From Stephen Samaniego, CNN Producer
Chris Levi has always been a military man. At the age of 14 he enrolled in military school in upstate New York. Upon graduation, he tried college but the military lifestyle called him back. After watching a news report on T.V. about soldiers dying in Iraq, he went to his local Army recruiting office and signed up. He didn't tell anyone, he just did it.
Chris is now recovering at Walter Reed Medical Center in Washington, D.C. In March of 2008, while in Iraq, Chris was riding in a Humvee when it hit an I.E.D. Chris was blown up along with his vehicle. His life was saved, but his legs were not. He sustained severe injuries to his right arm and almost lost that as well. Chris was transferred to Walter Reed and has been recovering there ever since.
As the reality of his injuries started to take hold, his family, especially his sister Kim, realized that Chris's real battle wouldn't take place in Iraq or in a hospital, but when he came home. "My greatest fear was that we’re going to bring him to this house where there’s stairs up and stairs down and we’re going to stick him in a back room and he’s going to be playing video games for the rest of his life," says Kim. "This is a kid who, he’s just a proud amazing kid, he doesn’t deserve that."
Kim knew that she had to do something. She and her boyfriend started reaching out to the community to try and find a way to help her brother. It was at a 5K Run for charity that Kim's boyfriend came upon Building Homes for Heroes.
Andy Pujol founded Building Homes for Heroes in 2004. He came up with the idea after working at ground zero on 911. "I took a rest, took my helmet off, took my mask off and sat there with tears in my eyes seeing what I was witnessing," Pujol says. "I wanted to do something else for my country; something that was patriotic, something that made a difference."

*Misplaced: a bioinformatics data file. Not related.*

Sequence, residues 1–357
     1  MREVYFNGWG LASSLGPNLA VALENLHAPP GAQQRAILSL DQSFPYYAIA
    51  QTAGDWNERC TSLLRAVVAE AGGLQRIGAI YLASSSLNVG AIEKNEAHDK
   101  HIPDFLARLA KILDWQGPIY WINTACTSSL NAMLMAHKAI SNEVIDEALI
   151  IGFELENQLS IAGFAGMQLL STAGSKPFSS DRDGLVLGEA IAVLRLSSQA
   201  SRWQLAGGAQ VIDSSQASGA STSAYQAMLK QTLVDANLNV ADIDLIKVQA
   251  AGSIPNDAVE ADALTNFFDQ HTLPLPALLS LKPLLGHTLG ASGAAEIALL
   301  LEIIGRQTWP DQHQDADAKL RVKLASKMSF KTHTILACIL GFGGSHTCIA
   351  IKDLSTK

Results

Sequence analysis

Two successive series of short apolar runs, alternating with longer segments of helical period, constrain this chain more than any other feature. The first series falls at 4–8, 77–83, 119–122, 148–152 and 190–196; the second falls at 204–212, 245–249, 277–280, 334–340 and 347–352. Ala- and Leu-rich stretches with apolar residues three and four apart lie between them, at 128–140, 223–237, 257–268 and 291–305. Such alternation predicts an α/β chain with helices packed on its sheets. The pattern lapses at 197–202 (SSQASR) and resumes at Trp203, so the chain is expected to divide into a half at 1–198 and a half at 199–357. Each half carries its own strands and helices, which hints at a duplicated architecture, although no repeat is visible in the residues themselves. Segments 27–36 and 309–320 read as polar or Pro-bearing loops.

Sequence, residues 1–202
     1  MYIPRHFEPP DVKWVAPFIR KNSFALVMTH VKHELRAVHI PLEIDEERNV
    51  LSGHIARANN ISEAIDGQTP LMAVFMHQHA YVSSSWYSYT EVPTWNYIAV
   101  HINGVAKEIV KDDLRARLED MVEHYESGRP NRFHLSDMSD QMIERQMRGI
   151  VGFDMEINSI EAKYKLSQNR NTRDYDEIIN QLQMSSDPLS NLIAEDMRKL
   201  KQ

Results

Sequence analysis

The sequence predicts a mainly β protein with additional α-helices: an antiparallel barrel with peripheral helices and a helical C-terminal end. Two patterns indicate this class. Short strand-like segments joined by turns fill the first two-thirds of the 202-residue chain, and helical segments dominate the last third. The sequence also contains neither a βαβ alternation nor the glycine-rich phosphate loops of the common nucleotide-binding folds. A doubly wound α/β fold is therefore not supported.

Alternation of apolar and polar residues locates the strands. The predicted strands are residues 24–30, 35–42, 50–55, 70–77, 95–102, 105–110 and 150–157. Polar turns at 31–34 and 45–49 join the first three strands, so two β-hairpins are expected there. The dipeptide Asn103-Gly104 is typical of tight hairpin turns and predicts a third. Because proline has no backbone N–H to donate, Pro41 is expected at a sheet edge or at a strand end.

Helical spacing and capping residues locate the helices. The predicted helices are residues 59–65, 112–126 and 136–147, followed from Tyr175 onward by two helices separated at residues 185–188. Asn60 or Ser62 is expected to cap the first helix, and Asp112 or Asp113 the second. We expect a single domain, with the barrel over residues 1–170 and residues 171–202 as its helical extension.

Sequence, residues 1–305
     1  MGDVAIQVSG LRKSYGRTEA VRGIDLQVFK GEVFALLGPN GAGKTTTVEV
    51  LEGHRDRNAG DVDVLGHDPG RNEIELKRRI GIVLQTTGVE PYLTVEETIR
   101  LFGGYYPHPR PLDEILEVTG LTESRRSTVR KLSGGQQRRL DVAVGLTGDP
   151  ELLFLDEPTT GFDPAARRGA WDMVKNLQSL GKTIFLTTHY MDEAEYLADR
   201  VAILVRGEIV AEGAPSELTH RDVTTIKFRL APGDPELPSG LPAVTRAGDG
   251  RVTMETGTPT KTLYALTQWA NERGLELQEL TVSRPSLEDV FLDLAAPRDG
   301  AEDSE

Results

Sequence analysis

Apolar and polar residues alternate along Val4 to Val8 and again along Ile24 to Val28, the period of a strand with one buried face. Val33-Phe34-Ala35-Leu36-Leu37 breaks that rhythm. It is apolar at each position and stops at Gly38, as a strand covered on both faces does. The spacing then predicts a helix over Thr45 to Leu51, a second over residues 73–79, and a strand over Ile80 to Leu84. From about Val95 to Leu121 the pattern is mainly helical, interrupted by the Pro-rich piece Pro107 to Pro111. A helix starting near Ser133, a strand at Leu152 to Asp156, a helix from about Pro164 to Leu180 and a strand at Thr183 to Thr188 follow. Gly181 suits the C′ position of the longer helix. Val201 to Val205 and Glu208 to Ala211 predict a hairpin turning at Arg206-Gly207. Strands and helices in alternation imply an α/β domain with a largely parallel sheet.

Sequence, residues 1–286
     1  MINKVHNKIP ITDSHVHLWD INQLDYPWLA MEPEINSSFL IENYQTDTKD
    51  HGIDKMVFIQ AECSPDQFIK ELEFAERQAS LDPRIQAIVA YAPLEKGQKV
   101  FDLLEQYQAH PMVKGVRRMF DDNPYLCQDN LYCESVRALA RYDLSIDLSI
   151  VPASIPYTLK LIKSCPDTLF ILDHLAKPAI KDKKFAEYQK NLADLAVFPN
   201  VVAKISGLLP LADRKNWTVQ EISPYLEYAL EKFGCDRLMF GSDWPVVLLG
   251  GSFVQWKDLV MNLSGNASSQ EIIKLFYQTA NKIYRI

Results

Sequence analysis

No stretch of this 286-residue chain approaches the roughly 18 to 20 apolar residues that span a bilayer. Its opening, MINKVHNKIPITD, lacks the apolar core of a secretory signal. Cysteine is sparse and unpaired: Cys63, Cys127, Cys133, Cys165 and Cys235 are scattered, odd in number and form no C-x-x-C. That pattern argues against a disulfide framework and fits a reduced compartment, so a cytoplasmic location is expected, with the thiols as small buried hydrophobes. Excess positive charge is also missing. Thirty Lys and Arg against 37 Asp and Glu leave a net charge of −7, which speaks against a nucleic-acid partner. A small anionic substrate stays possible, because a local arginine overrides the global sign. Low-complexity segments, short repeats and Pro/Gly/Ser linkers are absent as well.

Building Homes for Heroes is a non-profit that builds and retrofits homes so that injured veterans can live an independent life once they are discharged from the hospital. They have roughly 25 volunteers who run the organization and fund all their projects through donations from the community.
When Andy Pujol heard Chris's story, he immediately knew that he was a perfect candidate to receive a gift from the organization. Working with the Levi family, Pujol and his crew went to work raising funds for Chris. They did some fundraising and were able to present a check to the Levi family for $50,000. That was just the beginning. The renovations that were needed to transform the bottom level of the Levi's home into a handicap accessible 1 bedroom apartment was estimated at $150,000. Building Homes for Heroes used its network to get the community involved. They secured donated material, labor and more money so they could meet their financial goals.
Chris is wrapping up his physical therapy and expects to return home in the next few months. The renovations are nearly complete and the Levi family is preparing to receive their hero. The money did more than just retrofit their home, "It also gives me the emotional motivation to say people really do care for each other," Chris told us. "People took from theirs just to help me out even though they didn't have to, I can't let those people down."
For more information on Building Homes for Heroes, visit: http://www.buildinghomesforheroes.com/